China’s is officially heading for more reforms of its financial markets. But their stock markets are still a very different creature compared to the stock markets elsewhere, says financial analyst Ann Rutledge in Knowledge@Wharton.
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Foreign companies fear an increasing risk in China, now the government is tightening legal supervision, fighting corruption and banning business practices that were considered to be common up to a year ago. GSK might be one of the high-profile cases in the anti-corruption drive, but no foreign company or industry is not worried about those changes. The China Speakers Bureau can offer a range of experts on risk management in China.
Now a massive row of Chinese companies, including Alibaba, are preparing for IPO´s, both at home at abroad, insights in China´s financial industry are more important than ever,
The government wants to allow market forces to decide what financial direction the country is taking, and because more than even capital is owned by Chinese citizens, just looking at what the central government in Beijing is doing, is not longer good enough.
The odds are that we are heading for a new financial crisis, says ABS-expert Ann Rutledge in Forbes. “So, if you ask me whether we are going to have another global financial crisis in 201. “I would say the odds are good. This one probably started in 2013 and by now is well under way.”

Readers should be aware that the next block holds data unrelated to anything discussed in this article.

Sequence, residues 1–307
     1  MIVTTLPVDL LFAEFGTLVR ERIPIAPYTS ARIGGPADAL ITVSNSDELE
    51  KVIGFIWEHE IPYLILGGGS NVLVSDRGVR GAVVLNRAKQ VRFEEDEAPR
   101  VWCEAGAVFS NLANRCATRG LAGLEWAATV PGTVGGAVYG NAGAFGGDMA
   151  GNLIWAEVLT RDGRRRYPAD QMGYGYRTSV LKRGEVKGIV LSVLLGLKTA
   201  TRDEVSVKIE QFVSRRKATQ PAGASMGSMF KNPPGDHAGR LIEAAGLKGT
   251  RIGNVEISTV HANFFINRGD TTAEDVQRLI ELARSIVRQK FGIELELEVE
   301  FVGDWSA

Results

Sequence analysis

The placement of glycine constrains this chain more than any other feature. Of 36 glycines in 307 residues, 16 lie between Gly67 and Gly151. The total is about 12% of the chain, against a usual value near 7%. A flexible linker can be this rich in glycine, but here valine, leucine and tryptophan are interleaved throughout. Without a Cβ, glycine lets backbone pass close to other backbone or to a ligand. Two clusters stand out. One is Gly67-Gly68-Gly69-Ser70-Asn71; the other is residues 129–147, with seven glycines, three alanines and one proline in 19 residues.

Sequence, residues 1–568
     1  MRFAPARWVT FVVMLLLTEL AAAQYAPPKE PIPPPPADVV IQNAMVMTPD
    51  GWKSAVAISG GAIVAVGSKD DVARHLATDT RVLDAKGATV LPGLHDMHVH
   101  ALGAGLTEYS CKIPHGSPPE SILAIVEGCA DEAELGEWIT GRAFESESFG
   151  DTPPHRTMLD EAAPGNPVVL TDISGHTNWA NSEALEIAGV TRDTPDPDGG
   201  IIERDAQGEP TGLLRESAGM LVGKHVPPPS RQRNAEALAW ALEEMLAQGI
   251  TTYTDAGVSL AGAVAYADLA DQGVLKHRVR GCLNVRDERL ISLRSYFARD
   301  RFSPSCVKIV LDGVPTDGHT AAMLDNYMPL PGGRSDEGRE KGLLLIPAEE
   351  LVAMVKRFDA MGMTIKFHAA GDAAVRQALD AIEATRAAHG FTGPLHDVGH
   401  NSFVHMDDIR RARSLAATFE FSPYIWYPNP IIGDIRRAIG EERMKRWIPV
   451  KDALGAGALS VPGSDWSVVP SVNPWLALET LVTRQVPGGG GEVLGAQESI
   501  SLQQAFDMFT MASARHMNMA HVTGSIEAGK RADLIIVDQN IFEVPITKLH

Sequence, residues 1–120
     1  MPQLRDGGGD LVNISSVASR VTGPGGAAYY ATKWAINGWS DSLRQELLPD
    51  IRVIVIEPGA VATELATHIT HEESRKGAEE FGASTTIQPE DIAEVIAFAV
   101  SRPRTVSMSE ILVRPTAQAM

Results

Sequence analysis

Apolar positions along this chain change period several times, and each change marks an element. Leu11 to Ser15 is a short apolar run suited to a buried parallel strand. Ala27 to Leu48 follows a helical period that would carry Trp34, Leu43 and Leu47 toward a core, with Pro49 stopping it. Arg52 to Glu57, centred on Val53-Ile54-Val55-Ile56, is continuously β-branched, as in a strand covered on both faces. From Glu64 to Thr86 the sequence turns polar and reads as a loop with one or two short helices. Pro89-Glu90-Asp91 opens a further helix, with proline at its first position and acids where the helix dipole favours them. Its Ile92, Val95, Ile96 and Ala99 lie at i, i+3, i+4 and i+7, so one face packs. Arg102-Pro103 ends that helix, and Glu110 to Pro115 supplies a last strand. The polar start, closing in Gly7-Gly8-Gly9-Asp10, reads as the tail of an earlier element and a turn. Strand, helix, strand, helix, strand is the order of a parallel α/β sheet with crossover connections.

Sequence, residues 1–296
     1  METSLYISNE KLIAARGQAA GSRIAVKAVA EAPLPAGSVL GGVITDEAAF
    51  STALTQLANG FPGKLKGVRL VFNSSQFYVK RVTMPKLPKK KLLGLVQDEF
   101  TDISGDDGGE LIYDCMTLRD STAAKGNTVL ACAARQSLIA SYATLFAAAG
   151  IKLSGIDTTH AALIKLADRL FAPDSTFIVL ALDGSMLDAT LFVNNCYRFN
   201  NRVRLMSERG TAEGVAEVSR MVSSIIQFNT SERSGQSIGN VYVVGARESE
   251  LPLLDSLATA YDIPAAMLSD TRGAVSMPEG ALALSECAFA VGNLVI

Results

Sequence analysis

China´s financial authorities are reviving so-called asset-backed securities (ABS) in a moderate pace. But ABS-expert Ann Rutledge warns in the China Economic Review against the dangers of this financial tool in the murky China financial markets.
Ann Rutledge is a founding principal and CEO of R&R Consulting, which is a pioneer in dynamic structured credit modeling tools. An adjunct assistant finance professor at The Hong Kong University of Science and Technology in Hong Kong, Ms. Rutledge has consulted to high-level representatives of China’s MIIT (Ministry of Industry and Information Technology), CCDC (China Bond), CFOs of large SOEs, SOE banks and security companies, municipal and commercial leaders of Hangzhou, Tianjin, Shanghai and Beijing cities, and national accounting and statistics bureaus under the Ministry of Finance